The Massive Differences between Keyword and Concept Searches
Keyword-based searches can help us quickly root out discrete facts, such as what time a store closes, who was the 34th U.S. president of the United States, or how to get to a local restaurant. But they are much less effective for finding more complicated details. Take, for instance, a simple search on patent claims.
Varying Results with Google Patent Keyword Search
The results returned on Google’s Patent site illustrate that how a query is worded impacts not just the number of results retrieved, but which results are included in each set. In the second example, the verb “lowers” is exchanged for the verb “reduces” while the third example swaps the term “aspirin” for its more familiar chemical name “acetylsalicylic acid” and “blood pressure” to its medical term “hypertension.” Each of these searches retrieves results that do not show up in the other searches, even though the claims are essentially the same except for the synonyms used.
Frighteningly, organizations have created entire workflows to accommodate the imprecision and redundancy in keyword-based search engines. Scientists begin by either searching every combination of the 202 synonyms of “aspirin,” 7 synonyms of “reduce,” and 19 synonyms of “blood pressure” (26,866 unique queries) or using a massive Boolean equation to build these queries. Often, each search must be run across separate databases with different protocols and syntaxes. And then each list of results must be reconciled to compile a master file of the 88,530 unique claims. So even though each result might come back in .1 second, typing in over 25 thousand searches and aggregating unique results can take weeks!
This is the type of research that scientists, researchers, stock analysts, national security officials and many other professionals have to do on a daily basis but on a much more complicated scale. This is why the issue of finding actionable insights from Big Data is in such high demand by so many industries.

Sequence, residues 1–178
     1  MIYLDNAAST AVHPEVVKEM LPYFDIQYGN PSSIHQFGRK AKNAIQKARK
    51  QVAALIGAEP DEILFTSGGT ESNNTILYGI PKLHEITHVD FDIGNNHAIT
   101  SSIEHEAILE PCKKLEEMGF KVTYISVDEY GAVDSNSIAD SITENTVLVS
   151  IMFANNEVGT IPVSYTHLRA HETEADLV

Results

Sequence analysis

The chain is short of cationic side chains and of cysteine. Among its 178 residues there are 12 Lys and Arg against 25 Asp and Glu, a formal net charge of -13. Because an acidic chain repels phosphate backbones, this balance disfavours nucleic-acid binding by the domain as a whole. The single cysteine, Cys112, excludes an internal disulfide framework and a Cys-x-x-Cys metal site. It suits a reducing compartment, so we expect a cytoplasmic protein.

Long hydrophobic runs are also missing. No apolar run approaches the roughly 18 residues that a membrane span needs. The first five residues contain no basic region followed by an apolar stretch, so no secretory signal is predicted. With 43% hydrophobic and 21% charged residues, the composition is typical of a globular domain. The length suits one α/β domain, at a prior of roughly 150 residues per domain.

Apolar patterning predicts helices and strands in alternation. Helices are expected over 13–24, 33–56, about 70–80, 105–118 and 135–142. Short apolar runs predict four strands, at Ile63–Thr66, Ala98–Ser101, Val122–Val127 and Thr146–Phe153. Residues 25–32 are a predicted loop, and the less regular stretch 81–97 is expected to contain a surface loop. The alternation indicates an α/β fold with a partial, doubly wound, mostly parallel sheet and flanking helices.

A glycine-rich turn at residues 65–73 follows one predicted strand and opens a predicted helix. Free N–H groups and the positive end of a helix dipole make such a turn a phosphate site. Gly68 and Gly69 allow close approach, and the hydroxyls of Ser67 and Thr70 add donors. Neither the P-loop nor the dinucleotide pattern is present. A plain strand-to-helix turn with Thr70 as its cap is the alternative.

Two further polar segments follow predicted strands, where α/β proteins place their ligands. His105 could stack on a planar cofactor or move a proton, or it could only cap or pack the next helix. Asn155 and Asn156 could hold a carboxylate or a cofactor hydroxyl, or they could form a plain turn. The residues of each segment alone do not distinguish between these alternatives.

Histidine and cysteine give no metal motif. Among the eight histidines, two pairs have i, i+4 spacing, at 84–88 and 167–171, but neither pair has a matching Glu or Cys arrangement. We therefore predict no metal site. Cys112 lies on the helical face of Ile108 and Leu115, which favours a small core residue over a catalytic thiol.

The Concept Web revolutionizes web searches by assigning unique universal identifiers to each industry concept, applying the same ID to all synonymous terms across databases, grouping these terms into Concept Clouds, and matching a concept back to all of its synonyms during a search.
Code-N Analyze Box & Concept Display
As shown in this snippet of the Green Field Finder’s analysis of the identical search, “aspirin lowers blood pressure,” all 202 synonyms of “aspirin” will automatically be included (along with the 19 terms for “blood pressure” and seven terms for “lowers“).
Code-N Patent Results
The Green Field Finder retrieves results in seconds— claims involving all 26,866 combinations of the terms “aspirin,” “reduces,” “blood pressure” and their synonyms. No need to conduct and reconcile results from tens of thousands of individual searches! This is the way to accelerate complex research tasks. This is the way to tame Big Data.